The present lot, Novembre 1983, by Alighiero Boetti exists as a sort of time capsule documenting the political, cultural and social climate around the globe. Through the use of imagery found on covers from a random selection of publications issued, as the title suggests in November of 1983, Boetti has condensed world events to those featured and used to sell the news. From Mickey Mouse and Ronald Reagan on the cover of Der Spiegel to a sailboat on the cover of Nautica, his work is guided by the influences of power, popularity and favor.

Without context, however, the imagery of Boetti’s work distills world events into ephemeral symbols or icons, and in this way, his work resonates with the visual culture of Pop Art. Yet, Boetti’s work stands distinctly apart; his execution, a drawing in pencil, lacks the reproductive ease and mass accessibility of other artistic mediums. Thus, this unique work stands as something more precious, as something worthy of time and consideration even if void of the larger meaning behind the images. As a result the work captures a collective memory and a record of history and culture determined by chance, a concept further highlighted by the random assortment of magazine covers featured and selected by studio assistants as opposed to a curated collection composed by the artist. Boetti would repeatedly explore concepts of chance throughout his oeuvre.

Novembre 1983 is one of Boetti’s earliest incarnations on this theme. Boetti made similar works featuring images found on magazines covers from October and December of the same year (Dicembre 1983 resides in the collection of the Museum of Modern Art, New York) and he would expand upon the theme creating a series of twelve-panel works for entire years starting with Anno 1984.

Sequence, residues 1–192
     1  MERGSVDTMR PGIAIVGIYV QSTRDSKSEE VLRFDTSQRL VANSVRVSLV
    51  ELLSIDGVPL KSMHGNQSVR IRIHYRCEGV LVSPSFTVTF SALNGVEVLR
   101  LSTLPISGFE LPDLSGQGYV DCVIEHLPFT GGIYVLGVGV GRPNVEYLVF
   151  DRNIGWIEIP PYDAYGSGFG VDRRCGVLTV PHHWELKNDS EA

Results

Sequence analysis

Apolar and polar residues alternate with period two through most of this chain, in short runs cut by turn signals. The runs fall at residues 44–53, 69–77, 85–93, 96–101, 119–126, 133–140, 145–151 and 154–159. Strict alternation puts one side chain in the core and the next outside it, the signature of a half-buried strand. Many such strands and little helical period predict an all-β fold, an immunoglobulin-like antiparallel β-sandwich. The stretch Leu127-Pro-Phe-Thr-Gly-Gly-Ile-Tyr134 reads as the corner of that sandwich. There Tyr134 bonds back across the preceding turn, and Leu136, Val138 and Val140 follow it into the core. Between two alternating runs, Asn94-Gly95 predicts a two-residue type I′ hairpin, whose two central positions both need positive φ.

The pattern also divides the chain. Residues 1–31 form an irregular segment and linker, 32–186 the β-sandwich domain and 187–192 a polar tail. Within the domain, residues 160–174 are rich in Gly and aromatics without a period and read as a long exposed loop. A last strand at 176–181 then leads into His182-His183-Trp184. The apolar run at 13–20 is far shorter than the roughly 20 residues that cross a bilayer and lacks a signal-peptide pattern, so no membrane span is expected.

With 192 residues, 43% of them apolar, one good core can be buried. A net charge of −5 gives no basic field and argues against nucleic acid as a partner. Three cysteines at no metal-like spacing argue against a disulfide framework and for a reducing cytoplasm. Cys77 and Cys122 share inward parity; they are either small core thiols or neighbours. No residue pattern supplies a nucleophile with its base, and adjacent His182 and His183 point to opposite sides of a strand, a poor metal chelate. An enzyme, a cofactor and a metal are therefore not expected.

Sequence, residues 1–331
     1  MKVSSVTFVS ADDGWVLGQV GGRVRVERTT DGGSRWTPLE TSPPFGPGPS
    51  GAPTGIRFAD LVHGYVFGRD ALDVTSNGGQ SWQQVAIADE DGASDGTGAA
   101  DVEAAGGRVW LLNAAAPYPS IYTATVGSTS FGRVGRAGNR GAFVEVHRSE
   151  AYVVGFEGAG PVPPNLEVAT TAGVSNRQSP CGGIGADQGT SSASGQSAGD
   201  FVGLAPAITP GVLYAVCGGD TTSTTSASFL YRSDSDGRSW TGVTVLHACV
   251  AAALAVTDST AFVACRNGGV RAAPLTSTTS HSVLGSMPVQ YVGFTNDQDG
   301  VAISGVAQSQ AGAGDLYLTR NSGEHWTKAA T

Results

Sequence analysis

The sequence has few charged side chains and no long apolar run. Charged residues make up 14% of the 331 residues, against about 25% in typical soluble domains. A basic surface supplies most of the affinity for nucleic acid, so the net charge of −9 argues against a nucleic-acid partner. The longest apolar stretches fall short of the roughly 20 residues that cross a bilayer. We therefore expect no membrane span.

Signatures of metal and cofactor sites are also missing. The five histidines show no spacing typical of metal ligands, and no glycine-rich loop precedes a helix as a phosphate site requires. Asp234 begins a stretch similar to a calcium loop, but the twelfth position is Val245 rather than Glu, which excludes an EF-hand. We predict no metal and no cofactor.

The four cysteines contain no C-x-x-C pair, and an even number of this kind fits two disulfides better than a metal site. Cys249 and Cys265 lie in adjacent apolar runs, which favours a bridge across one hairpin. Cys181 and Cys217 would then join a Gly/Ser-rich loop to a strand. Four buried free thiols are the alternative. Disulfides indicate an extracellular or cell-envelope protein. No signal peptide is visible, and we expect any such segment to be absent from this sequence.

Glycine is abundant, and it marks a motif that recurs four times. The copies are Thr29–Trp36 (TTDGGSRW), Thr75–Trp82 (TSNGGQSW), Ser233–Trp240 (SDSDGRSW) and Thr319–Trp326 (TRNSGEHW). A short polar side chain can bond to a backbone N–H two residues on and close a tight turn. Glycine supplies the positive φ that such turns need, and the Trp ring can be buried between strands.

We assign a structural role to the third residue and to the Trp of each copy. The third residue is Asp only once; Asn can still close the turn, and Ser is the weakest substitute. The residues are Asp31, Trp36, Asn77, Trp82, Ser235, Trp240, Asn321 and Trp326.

In a month, there were millions of images. Today, perhaps there are only a hundred. Then there will only remain this once-coloured faded copy.

Aligihero Boetti

Alighiero Boetti 1940–1994

Alighiero Boetti was born in Turin, Italy in 1940. Although he initially set out to study business at the University of Turin, he quickly found his true calling as an artist. Boetti was influenced by the work of Duchamp, and, much like Duchamp, he preferred to call his sculptures constructed out of ready-made “objects.” In the 1960s, Boetti was asked to join Arte Povera, a collective in Italy that sought to critique and subvert structures of power in their art through the use of materials like rags, cardboard, and aluminum. In 1967, he exhibited a monumental solo show of his installation art at the Galleria Christian Stein. Traveling to Afghanistan in 1971, Boetti became enamored with the masterful embroidery work produced by Afghan women. He commissioned these artisans to create works that he designed; the most famous among these works was his Mappa series. Boetti would work together with these textile artists well into the 1990s, eventually even collaborating with carpet makers to create abstract kilim carpets. Boetti passed away in 1994, but his work continues to be revered for its material diversity, intricacy, and visuals. In 2012, the Tate London exhibited a major retrospective entitled Game Plan that detailed his legacy as one of the most influential Italian artists of the decade. Boetti’s work is held in the permanent collections of the Museum of Modern Art in New York, the Art Institute of Chicago, and the Los Angeles Museum of Modern Art, among many others.